Energy Efficiency critical to effective Covid-19 vaccine rollout

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2 months 2 weeks ago

As South Africa  is preparing for a broad roll-out of the country's vaccine programme, energy efficiency is one of the  factors to consider, according to the South African National Energy Development Institute, (SANEDI).

Energy is crucial to operate cold chains that store vaccines. The Johnson & Johnson (J&J) vaccination against Covid-19 has a shelf life of up to 2 years if it is stored at -20°C. The J&J vaccination can also be safely stored in a domestic fridge for up to 1 month. The effectiveness of this, depends entirely on an uninterrupted supply of energy to maintain its low storage temperature requirements.

As such, the South African National Energy Development Institute (SANEDI) highlights the vital importance of energy efficiency  in the current energy-constrained situation,  to support our country in the government’s effort to vaccinate South Africans against Covid-19.

SANEDI’s General Manager responsible for Energy Efficiency, Barry Bredenkamp says, “As the vaccine roll-out extends from the main urban centres to the more remote rural areas of the country,  it could become harder to sustain an unbroken cold chain in the broader logistical scheme-of-things. If there is an energy outage for whatever reason, freezers and fridges will lose temperature, potentially compromising the vaccine. Which is why we all need to do everything in our power to conserve energy and be as energy efficient as possible, during this trying time.”

Bredenkamp urges, “There are various ways South Africans can be mindful of their energy consumption.  Heating water is one of the most energy-intensive processes in the home and therefore one of the most expensive. Be sure to set your geyser temperature to 60 degrees. Also, when cooking on electric hobs, match the pan size to the element size, for example a 12cm pan on a 16cm burner will waste more than 40% of the heat. Remember to also insulate ceilings, doors and windows, wherever possible.”

He adds, “Co-incidentally, a recent research report indicates that domestic refrigeration is a major contributor to high energy consumption, which can be overcome by reducing the frequency of opening-and-closing the refrigerator, ensuring the doors are always properly closed and the door seals are in a good condition.”

Dr Ashok Sarkar, Senior Energy Specialist Team Leader at the World Bank, recently addressed a World Bank workshop series related to Vaccine Cold-chain Challenges. In his address, he pointed out, “It’s important to find a way to maintain and expand the cold chain for the vaccine in a climate-friendly manner. Maintaining a cold chain can cause environmental problems for two reasons: one, because it uses energy and if that energy comes from fossil-fired power stations, that contributes to global warming. Two, many of the refrigeration units in developing and even some developed  countries are not using refrigerants that have lower global warming potential even though options are available. As the vaccine cold chains are deployed at scale, the potential is enormous for integrating cost-effective energy efficient and solar refrigeration technologies, switching to cleaner refrigerants and adopting other sustainable measures, to achieve the same cooling effect.”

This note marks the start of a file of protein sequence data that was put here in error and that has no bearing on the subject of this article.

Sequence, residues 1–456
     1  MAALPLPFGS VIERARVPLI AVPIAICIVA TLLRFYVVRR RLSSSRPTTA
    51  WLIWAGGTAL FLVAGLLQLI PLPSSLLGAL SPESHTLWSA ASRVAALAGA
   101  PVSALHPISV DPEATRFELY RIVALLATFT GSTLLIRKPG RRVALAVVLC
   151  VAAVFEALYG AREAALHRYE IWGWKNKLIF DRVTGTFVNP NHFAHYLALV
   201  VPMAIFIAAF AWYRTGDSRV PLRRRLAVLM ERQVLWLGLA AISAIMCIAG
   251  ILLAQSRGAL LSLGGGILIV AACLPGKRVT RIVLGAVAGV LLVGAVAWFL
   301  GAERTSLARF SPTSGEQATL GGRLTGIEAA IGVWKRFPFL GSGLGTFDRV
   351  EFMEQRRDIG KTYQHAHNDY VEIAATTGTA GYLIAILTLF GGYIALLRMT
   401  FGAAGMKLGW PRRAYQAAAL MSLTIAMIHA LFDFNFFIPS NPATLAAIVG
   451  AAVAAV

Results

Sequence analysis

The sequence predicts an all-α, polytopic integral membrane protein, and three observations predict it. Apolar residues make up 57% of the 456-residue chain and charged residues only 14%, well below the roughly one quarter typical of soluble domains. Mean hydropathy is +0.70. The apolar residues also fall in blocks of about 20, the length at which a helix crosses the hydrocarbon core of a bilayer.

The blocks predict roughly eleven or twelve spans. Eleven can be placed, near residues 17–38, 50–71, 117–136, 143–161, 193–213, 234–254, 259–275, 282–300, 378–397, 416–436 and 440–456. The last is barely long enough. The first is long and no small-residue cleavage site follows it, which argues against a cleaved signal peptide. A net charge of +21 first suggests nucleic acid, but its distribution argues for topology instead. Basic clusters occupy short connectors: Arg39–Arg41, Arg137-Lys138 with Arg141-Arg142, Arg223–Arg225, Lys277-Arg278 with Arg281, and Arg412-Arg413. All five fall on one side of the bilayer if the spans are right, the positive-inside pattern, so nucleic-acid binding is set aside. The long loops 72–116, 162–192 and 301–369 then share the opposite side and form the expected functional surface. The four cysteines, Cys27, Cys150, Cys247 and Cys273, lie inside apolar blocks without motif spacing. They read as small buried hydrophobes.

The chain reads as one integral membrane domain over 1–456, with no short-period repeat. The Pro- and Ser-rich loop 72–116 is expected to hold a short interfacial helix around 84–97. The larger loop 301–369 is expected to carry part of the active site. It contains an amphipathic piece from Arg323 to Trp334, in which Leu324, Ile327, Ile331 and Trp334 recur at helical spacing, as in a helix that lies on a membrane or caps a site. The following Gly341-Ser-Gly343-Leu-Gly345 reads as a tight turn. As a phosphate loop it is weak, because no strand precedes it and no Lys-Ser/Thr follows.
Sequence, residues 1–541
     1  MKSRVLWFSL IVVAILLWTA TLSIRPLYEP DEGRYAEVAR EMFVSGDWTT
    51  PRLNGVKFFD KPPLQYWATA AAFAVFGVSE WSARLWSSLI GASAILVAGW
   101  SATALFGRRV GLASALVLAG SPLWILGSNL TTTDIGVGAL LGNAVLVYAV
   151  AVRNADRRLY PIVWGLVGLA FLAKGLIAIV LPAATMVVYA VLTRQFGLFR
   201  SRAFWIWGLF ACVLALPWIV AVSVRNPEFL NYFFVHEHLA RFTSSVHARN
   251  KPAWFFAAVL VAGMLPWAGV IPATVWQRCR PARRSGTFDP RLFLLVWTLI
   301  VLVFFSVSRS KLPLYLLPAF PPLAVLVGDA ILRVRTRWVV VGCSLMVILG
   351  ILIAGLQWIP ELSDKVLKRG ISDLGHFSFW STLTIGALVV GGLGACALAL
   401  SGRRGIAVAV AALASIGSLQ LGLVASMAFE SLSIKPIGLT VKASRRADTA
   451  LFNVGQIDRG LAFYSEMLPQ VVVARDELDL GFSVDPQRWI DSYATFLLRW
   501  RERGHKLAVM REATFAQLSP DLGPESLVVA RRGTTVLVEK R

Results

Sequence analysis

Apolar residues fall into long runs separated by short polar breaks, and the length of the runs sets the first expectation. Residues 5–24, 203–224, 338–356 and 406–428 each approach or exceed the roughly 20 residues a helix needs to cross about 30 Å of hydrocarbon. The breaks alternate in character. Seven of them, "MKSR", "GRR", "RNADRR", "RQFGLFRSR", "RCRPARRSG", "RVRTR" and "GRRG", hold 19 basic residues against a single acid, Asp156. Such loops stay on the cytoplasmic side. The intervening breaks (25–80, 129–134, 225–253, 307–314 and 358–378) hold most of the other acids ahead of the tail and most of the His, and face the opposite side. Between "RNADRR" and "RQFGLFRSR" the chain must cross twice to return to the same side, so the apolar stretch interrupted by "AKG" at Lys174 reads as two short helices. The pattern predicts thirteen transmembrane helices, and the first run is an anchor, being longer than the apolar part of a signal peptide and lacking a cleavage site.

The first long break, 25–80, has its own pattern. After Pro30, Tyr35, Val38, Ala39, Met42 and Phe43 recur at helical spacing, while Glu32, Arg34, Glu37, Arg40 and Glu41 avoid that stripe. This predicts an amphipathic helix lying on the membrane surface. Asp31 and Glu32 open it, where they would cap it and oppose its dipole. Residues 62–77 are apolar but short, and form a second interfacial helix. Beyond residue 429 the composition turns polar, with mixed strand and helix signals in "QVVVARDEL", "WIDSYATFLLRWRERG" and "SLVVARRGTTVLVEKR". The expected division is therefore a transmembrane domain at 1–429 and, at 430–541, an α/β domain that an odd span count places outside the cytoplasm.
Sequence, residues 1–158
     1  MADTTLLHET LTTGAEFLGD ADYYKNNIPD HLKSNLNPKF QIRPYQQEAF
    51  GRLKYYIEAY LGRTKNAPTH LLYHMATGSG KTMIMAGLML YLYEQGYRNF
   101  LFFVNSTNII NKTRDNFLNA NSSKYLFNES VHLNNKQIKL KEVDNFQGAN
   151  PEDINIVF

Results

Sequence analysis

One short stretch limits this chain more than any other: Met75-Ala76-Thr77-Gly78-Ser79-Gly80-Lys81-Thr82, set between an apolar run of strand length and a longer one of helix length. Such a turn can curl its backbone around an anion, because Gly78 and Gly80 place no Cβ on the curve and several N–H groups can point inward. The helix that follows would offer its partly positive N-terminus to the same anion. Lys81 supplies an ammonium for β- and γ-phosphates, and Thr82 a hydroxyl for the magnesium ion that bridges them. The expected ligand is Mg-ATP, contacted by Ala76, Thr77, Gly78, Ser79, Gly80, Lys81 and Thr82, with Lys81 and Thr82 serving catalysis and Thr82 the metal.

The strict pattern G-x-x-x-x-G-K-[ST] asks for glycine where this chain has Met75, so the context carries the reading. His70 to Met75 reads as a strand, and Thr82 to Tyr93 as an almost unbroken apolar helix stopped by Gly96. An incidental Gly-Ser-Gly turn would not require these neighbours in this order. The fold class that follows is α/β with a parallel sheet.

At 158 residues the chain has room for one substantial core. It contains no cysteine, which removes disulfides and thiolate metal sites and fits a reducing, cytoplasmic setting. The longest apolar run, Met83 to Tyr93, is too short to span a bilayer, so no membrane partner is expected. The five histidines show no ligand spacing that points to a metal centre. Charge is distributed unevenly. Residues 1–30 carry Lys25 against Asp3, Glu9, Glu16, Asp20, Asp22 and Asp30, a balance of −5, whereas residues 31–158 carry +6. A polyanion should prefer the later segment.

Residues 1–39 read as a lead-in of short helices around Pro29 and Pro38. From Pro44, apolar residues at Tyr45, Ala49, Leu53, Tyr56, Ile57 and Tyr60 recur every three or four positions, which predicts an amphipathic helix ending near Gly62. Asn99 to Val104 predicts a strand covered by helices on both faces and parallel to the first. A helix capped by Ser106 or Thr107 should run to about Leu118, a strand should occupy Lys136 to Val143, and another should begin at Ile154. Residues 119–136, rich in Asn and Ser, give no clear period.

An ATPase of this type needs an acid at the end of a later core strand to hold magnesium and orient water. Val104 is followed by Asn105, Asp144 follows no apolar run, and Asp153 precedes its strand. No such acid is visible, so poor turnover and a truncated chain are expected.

Bredenkamp concurs, “We believe that the successful roll-out of the vaccine in South Africa depends on reliable, sustainable and efficient energy throughout the value chain, which includes the warehousing, transport, end-destination storage and ultimately injecting the recipient with the vaccine. The same principles relating to the reduction of energy consumption in household refrigerators referred to above, apply to the use of these vaccine fridges and front-line medical staff should be made aware of this. The same applies to off-grid vaccine refrigerators in areas that do not have access to grid-connected electricity. Ultimately, the more we all play our part and save as much energy as possible, the more energy will be freed-up for use by more people in the country.”  

South Africa began its first phase of the Johnson & Johnson (J&J) vaccine rollout on 17 February 2021. According to studies*, the J&J vaccine provides 57% protection against moderate-to-severe Covid-19 disease, 85% protection against severe disease and 100% protection against death, as caused by the new Covid-19 501Y.V2 variant in South Africa.